My son can be quiet and sensitive, but he is also funny, imaginative, observant, kind, and incredibly tuned in to the needs and feelings of others. This past year, not only did he get a speaking part in his fourth grade play, but he got the part of the weird, funny, alien game-show contestant who keeps blurting out answers in a made-up alien language. To everyone’s surprise, including himself, he got the biggest laughs.
3. Allow for nooks and crannies.
In architecture, the concept of circulation refers to the way spaces influence how people move through them. The way people behave in open plazas differs from how people act in more intimate, closed-in terraces, for example. Same goes for the classroom. A classroom with only large, communal zones will generate lots of large, communal activity. Creating some smaller sequestered nooks encourages a quieter, more low-key atmosphere conducive to reflective thinking and learning.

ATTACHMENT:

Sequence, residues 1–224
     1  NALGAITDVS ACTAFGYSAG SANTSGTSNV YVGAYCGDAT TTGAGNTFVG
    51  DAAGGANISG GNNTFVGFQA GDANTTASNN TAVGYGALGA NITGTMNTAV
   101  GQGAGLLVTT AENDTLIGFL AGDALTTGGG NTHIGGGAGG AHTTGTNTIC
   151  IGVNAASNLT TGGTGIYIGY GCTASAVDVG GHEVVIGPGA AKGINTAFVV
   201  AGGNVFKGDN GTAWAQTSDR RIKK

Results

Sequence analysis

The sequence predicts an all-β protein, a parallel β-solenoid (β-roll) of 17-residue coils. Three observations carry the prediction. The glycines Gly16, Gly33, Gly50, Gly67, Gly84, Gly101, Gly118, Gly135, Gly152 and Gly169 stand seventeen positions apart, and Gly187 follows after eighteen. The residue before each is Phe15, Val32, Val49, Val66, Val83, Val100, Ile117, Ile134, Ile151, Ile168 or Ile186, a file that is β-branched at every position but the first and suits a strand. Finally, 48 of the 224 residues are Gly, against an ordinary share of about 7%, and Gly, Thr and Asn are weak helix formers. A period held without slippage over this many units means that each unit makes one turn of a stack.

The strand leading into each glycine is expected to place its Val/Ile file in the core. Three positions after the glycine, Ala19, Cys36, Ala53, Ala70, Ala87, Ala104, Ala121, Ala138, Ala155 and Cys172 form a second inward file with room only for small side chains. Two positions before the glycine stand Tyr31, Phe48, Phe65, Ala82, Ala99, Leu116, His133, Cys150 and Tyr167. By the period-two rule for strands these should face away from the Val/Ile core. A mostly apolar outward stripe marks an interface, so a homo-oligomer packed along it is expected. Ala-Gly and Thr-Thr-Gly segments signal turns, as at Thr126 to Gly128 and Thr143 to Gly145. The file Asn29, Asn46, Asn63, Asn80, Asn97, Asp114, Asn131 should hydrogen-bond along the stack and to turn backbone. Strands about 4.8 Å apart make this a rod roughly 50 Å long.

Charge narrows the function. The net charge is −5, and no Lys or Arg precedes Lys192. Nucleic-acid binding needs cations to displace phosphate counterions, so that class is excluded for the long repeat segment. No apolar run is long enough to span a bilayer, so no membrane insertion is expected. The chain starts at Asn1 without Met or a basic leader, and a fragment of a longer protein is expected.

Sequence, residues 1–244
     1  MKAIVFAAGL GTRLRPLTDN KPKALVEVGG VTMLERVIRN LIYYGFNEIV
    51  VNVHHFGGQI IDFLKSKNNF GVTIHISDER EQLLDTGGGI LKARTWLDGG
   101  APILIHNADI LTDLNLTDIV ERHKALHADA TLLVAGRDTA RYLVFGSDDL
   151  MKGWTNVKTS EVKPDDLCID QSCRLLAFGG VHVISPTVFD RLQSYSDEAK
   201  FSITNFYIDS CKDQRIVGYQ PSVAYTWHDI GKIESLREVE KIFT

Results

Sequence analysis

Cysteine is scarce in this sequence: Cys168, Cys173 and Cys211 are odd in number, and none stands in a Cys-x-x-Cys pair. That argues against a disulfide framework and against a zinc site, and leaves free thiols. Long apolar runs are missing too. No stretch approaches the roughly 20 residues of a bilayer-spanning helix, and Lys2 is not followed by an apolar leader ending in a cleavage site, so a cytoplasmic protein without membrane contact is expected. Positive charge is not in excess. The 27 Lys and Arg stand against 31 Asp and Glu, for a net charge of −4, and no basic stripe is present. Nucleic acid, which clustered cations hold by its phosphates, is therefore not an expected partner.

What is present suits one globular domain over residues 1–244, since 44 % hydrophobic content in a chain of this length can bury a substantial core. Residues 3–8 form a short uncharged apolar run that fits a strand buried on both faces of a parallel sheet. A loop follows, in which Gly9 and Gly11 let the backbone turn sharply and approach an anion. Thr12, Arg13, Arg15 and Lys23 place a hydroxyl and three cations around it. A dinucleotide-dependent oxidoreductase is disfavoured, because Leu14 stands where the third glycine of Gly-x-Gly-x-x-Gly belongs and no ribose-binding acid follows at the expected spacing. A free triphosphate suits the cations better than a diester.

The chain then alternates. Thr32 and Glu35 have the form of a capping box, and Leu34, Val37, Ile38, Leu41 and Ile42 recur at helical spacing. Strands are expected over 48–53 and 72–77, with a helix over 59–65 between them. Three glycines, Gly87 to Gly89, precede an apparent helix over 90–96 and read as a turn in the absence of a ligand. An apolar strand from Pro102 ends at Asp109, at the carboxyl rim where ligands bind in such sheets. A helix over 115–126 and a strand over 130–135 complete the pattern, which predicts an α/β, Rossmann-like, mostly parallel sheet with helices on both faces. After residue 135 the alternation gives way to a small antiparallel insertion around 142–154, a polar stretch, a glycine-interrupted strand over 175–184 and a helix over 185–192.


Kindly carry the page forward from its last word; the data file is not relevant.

4. Incorporate quiet time into each day.
At any age, but especially for younger children, build quiet time for reading, drawing, or meditating into each day. If held at the same time every day, introverts and extroverts alike will recognize this time as part of their routine and benefit from the change of pace. Think about creating a “calm-down corner” in your classroom. To give some kids a little space from one another.
5. Offer multiple learning channels.